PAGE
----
Ancel Keys was one of those powerful figures who, in suppressing his critics and silencing debate, effectively advocated for the standard American diet of high-carbs, grains, fruits, vegetables, and industrial seed oils. In The Magic Pill, more recent context is given in following the South African trial of Tim Noakes. Other documentaries have covered this kind of material, often with interviews with Gary Taubes and Nina Teicholz. There has been immense drama involved and, in the past, there was also much public disagreement and discussion. Only now is that returning to mainstream awareness in the corporate media, largely because social media has forced it out into the open. But what interests me is how old is the debate and often in the past much more lively.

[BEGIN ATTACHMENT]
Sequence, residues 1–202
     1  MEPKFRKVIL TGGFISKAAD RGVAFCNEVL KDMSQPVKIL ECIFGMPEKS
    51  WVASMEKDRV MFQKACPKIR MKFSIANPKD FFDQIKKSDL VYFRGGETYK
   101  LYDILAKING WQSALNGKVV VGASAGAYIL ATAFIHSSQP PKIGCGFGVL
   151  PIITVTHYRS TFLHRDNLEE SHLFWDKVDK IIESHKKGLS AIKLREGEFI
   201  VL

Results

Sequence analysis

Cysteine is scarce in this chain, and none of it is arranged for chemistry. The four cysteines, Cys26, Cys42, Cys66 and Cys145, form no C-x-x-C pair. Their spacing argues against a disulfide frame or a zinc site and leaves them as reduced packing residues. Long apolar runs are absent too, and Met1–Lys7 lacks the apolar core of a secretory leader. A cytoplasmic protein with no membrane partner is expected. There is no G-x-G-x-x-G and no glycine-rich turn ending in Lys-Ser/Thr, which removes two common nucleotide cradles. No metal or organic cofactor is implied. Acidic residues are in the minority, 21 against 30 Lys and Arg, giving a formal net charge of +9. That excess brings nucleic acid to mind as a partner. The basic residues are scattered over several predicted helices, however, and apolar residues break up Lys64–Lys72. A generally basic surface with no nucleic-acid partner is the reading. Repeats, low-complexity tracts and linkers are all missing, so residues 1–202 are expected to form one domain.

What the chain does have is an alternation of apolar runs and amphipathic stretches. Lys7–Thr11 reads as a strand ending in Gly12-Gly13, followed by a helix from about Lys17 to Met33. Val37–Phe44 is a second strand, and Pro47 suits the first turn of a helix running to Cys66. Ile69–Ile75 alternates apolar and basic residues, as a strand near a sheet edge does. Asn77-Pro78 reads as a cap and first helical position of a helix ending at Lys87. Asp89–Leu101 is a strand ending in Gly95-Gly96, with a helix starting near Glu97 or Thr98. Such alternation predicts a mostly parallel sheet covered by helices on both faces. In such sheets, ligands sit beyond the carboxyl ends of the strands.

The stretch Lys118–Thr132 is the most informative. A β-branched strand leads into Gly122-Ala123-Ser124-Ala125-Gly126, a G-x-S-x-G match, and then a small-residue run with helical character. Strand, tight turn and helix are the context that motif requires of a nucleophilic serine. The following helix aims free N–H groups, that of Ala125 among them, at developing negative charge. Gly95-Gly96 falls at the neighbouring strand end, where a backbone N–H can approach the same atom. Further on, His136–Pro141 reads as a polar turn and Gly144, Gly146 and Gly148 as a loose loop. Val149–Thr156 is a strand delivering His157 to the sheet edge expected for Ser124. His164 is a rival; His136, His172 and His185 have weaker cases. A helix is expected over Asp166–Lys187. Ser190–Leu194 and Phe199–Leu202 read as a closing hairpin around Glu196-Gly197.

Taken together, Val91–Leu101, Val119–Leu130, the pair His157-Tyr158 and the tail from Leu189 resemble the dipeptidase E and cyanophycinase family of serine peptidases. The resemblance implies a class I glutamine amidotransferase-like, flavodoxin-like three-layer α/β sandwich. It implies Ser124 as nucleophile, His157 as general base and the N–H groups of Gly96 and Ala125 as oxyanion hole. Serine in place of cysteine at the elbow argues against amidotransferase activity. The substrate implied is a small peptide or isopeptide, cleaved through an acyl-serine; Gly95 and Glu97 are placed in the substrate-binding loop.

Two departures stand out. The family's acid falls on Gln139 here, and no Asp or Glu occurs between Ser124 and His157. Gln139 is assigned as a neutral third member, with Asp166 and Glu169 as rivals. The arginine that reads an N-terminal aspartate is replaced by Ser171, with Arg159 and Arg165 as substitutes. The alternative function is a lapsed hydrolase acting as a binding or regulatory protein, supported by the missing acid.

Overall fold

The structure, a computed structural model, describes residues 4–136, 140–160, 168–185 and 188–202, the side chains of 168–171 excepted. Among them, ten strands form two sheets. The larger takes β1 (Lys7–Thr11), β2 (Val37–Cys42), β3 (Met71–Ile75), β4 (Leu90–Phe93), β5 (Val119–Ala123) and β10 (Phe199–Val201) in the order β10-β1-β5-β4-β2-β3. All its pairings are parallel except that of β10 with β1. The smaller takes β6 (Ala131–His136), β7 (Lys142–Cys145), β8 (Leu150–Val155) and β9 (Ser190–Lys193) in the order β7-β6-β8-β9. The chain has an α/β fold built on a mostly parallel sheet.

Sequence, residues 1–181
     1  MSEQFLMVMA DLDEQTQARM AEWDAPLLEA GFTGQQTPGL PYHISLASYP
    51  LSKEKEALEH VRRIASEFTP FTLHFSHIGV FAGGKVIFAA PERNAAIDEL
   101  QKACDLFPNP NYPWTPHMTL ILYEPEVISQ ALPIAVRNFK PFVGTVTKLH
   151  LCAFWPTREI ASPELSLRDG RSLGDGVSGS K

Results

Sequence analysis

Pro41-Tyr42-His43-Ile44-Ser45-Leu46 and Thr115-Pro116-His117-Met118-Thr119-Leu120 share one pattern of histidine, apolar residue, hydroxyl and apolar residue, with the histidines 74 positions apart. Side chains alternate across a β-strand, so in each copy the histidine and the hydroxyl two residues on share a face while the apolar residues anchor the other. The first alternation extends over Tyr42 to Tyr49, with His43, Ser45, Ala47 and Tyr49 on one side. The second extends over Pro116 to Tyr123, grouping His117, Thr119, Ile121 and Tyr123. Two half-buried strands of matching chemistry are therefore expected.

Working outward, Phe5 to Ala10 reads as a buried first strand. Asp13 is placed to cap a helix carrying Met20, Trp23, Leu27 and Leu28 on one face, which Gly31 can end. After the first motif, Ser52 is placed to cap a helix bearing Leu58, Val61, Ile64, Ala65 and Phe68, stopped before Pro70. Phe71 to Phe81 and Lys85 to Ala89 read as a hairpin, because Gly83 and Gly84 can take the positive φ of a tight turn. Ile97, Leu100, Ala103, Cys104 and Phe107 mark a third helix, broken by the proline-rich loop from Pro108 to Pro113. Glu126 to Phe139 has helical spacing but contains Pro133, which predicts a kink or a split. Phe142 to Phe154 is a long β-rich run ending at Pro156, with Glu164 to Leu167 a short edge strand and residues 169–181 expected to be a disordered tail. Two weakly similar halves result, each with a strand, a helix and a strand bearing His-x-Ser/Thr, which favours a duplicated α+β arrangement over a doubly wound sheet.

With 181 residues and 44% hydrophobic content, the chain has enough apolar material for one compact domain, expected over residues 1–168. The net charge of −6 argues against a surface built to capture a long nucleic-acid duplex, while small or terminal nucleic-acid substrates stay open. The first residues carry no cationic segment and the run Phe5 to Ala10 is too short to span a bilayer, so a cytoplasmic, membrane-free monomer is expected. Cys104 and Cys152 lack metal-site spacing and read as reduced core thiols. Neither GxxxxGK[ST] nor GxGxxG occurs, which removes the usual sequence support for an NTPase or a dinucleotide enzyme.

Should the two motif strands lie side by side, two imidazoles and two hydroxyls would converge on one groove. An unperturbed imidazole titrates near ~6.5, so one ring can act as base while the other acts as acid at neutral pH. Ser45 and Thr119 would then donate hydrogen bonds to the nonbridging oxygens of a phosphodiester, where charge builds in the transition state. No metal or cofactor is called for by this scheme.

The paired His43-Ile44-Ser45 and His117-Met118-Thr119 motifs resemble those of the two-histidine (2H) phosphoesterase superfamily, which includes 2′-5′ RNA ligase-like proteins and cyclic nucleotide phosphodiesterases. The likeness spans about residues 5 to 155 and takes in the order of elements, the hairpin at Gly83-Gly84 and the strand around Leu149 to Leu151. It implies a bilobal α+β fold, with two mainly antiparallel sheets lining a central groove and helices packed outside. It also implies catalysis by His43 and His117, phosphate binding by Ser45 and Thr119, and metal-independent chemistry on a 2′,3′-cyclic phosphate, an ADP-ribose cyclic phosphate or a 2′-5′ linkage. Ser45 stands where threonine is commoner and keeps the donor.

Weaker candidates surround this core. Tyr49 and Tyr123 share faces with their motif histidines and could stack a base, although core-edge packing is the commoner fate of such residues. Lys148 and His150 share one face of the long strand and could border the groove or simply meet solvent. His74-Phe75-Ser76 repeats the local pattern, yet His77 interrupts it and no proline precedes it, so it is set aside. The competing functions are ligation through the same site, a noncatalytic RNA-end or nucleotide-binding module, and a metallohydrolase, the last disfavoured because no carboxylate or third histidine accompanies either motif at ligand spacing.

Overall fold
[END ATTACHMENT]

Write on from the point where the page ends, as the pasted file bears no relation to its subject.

The post-revolutionary era created a sense of crisis that, by the mid-19th century, was becoming a moral panic. The culture wars were taking shape. The difference back then was that there was much more of a sense of the connection between physical health, mental health, moral health, and societal health. As a broad understanding, health was seen as key and this was informed by the developing scientific consciousness and free speech movement. The hunger for knowledge was hard to suppress, although there were many attempts as the century went on. I tried to give a sense of this period in two massive posts, The Crisis of Identity and The Agricultural Mind. It’s hard to imagine what that must’ve been like. That scientific debate and public debate was largely shut down around the World War era, as the oppressive Cold War era took over. Why?